Bulk Collection Debate Highlights Need To Revise Patriot Act
AUDIE CORNISH, HOST:
The Patriot Act, the USA Freedom Act, bulk collection of phone records by the National Security Agency - let's look a little more deeply into all that. Kim Zetter is a senior staff reporter at Wired magazine. She's reported in depth on government surveillance and the legislation that allows it. Welcome to the program.
KIM ZETTER: Thank you.
CORNISH: So let's begin with the Patriot Act - right? - because this is the legal basis which allowed the NSA to sweep in all sorts of information about phone calls, collect bulk phone records. But Congress is wrestling over just a few provisions, right?
ZETTER: Right. So they're wrestling over three provisions that are set to expire at midnight on June 1. And the most controversial of those is known as Section 215. And Section 215 is the section that the government had used to, it says, authorize its bulk collection of phone records from U.S. telecoms.
There are two other provisions that are sun-setting - one known as 206, which is the roving wiretap section. And this allows the government to surveil any phone that a suspect uses without having to go back to a court to obtain an individual warrant for each phone, such as a landline at home, an office phone, and a cell phone.
The third one that's expiring is 6001, and this is known as the lone wolf provision. And this allows the government to conduct surveillance against a non-U.S. person who's suspected of terrorism or terrorism activity but isn't affiliated with a known or recognized terrorist group.
CORNISH: So to go back to that measure 215 about the bulk data collection, the House has just passed some limits to that under the USA Freedom Act. And as Ailsa Chang just told us, it's now before the Senate. Can you describe the limit specifically that the USA Freedom Act would put on the activities that are currently allowed by the Patriot Act?
ZETTER: Yeah. So the Section 215 - reform this bulk collection program, and instead of allowing the NSA or the government to automatically collect all of these phone records from the telecoms, the phone records would be retained by the telecoms. And then the government, in order to access those, would have to go through a court and could only request certain records based on search terms that are approved by the court.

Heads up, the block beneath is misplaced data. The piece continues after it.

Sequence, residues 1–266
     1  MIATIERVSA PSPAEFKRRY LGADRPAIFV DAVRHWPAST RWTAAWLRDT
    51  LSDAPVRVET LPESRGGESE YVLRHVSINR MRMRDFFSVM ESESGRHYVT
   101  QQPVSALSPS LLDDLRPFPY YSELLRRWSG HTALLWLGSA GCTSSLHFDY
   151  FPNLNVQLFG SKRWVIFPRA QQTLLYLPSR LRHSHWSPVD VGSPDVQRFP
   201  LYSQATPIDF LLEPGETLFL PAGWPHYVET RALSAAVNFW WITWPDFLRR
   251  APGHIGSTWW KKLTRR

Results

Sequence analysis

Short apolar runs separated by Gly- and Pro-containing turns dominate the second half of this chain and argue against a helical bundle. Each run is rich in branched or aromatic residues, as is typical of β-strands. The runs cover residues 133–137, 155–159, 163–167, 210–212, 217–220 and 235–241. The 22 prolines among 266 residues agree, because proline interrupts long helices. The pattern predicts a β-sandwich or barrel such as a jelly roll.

CORNISH: So to be clear, we're not talking about a repeal or an end to these programs altogether, right? That doesn't seem to be on the table. Why not?
ZETTER: Right. This is a compromise. Well, it - because the government has insisted that this program is necessary and it has enough backers in the Senate and Congress who agree with them. And so this has been a compromise that allows the program to continue in some form but in a form that's a little more acceptable to civil liberties groups, although, I would say, not quite completely because they still sort of oppose it on principle.
CORNISH: But is there any consensus over whether or not this government program actually foiled any terror plots?
ZETTER: There isn't real consensus on this, but those who support the program and say that it has foiled terrorism plots are a little hard-pressed to provide evidence of that. And there are those on the opposite side. The president had convened the Privacy and Civil Liberties Board after the Snowden revelations, and they looked into this program, and they determined that it hadn't provided significant intelligence and thwarted terrorism activity. Senator Ron Wyden has also looked extensively into the program, and he's concluded that it also didn't provide any intelligence that thwarted a terrorism operation.
CORNISH: Kim, stepping back for a moment, are we witnessing a kind of slow erosion of the Patriot Act? Is this Section 215 just a part of that?
ZETTER: I think that, obviously, the opponents of a USA Patriot Act would hope that this is a first step. I think that all this debate sort of underscores that the Patriot Act needs to be re-examined and revised and re-debated. In an environment now where we actually have more information about how the surveillance programs authorized by it are being conducted - you know, this is information that we didn't have in its entirety prior to Snowden. We had little bits and pieces, and so we have a greater picture now of it. And so those who oppose it are saying that this gives us the opportunity now to re-examine it in light of all of these revelations.
CORNISH: That's Kim Zetter. She's a senior staff reporter at Wired magazine. Thanks so much for speaking with us.
ZETTER: You're welcome.
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